By Jeff Walker
Depending on your move circumstances, your move may qualify as a tax deduction on your next year’s tax return. The IRS has outlined the rules and guidelines for being able to deduct your moving expenses in their online publication called 521, Moving Expenses. 521 outlines not only the qualifications, but tells us what is and is not deductible, as well as giving an example of a move and how those expenses were tracked and later deducted.
Work Related Move
The IRS plainly states who can and can’t take a deduction for their move in the “Who Can Deduct Moving Expenses” of pub 521. Here we learn a few things. If your move is “Closely related to the start of work” you qualify. In other words, if you moved to start a new job, even if it’s within the same company, you may deduct your moving expenses on your next tax return. Keep in mind however, if your employer is paying the majority of the expenses for your move, you can only deduct what you paid for out of pocket. Some examples of items that cannot be deducted are:
• Pre-Move house hunting expenses
• Down payments on a new home
• Real Estate Commissions
• Any loss on a pre-move home (you sold your house for less than what it was worth)
• Meal expenses en route
• Temporary living expenses such as living in a hotel/motel until your new home is ready and after arriving at the destination
How Far will you go
This can get a little confusing, but if your new job is 50 miles farther from your former home than your old job is from your old home, you may qualify. To figure this out, you’ll need to know both the distance from your home to your old workplace and the distance from your old home to your new workplace. For example, if I were living in Rockford, IL and my old job had a base location of 5 miles from my old home before my move and my new base location is in Madison, Wi (74 miles away from my old house), I would take the new location minus the old location (74-5=69) and find out that I was, in fact more than 50 miles away from my old home to my new base location for work. This would qualify me for a tax deduction according to pub 521.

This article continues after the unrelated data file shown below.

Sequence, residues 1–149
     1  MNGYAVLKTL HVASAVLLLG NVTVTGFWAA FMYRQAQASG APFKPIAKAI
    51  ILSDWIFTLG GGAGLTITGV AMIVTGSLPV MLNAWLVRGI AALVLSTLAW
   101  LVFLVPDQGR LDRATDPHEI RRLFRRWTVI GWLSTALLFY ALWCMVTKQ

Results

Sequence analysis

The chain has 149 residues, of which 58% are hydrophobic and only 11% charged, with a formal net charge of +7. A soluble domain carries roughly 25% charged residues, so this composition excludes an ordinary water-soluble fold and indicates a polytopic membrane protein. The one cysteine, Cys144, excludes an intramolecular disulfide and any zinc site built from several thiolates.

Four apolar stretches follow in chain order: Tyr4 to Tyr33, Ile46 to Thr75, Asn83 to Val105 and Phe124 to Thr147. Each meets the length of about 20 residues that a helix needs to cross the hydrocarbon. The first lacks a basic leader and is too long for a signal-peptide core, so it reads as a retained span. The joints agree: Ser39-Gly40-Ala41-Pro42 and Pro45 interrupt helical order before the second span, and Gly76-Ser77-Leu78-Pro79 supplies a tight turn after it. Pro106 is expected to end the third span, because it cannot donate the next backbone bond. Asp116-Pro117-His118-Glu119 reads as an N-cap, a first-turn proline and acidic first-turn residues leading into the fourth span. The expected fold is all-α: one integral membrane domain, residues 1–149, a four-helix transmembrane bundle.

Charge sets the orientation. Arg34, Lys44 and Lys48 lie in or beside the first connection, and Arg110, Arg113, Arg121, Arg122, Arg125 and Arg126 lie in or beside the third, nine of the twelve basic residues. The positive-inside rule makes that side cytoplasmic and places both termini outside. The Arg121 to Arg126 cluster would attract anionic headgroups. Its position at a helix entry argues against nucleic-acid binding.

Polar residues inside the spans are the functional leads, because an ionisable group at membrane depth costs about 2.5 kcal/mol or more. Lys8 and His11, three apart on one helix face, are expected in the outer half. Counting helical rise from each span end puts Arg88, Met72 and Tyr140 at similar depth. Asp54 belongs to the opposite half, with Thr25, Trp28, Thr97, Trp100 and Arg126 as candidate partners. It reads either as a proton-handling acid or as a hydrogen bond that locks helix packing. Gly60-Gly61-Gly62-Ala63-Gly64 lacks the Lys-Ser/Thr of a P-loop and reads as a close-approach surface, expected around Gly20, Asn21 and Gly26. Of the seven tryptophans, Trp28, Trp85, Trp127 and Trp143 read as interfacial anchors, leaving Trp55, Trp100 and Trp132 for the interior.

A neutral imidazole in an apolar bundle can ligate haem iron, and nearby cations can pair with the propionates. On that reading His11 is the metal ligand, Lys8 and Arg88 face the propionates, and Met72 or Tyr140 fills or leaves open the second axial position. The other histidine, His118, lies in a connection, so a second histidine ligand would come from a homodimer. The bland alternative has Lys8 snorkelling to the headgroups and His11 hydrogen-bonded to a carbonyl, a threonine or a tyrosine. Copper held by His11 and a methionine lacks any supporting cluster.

The IRS outlines what they call their “Time Test” in pub 521. This can also be a bit confusing, and the rules differ depending on if you are an employee or self-employed. For an employee, you may qualify for a tax deduction for your move if you work for at least 39 weeks during the first 12 months after arriving in the area of your new job location. You must be a full-time employee, must work in the same general commuting area for the 39 weeks but you do not have to have the same job for those 39 weeks and you do not have to have worked those 39 weeks in a row. For the self-employed, you will need to work 39 weeks during the first 12 months and 78 weeks during the first 24 months after arriving in the area of your new job location. You do not have to work for the same employer during that time and can count any work you do as self-employed or as an employee during that time. You also must work in the same commuting area for all 78 weeks.
Our primary goal with this article was to illustrate that in some instances, your move may be claimed on your tax returns. While we’ve tried to outline some of the criteria for qualifying your move for a tax deduction, it’s always best to get expert advice from the accountant who performs your tax returns. He or she will know best what current laws are in place and whether or not you qualify for the deduction. In addition, if you have any questions you can always refer to the IRS’s Publication 521 for more information.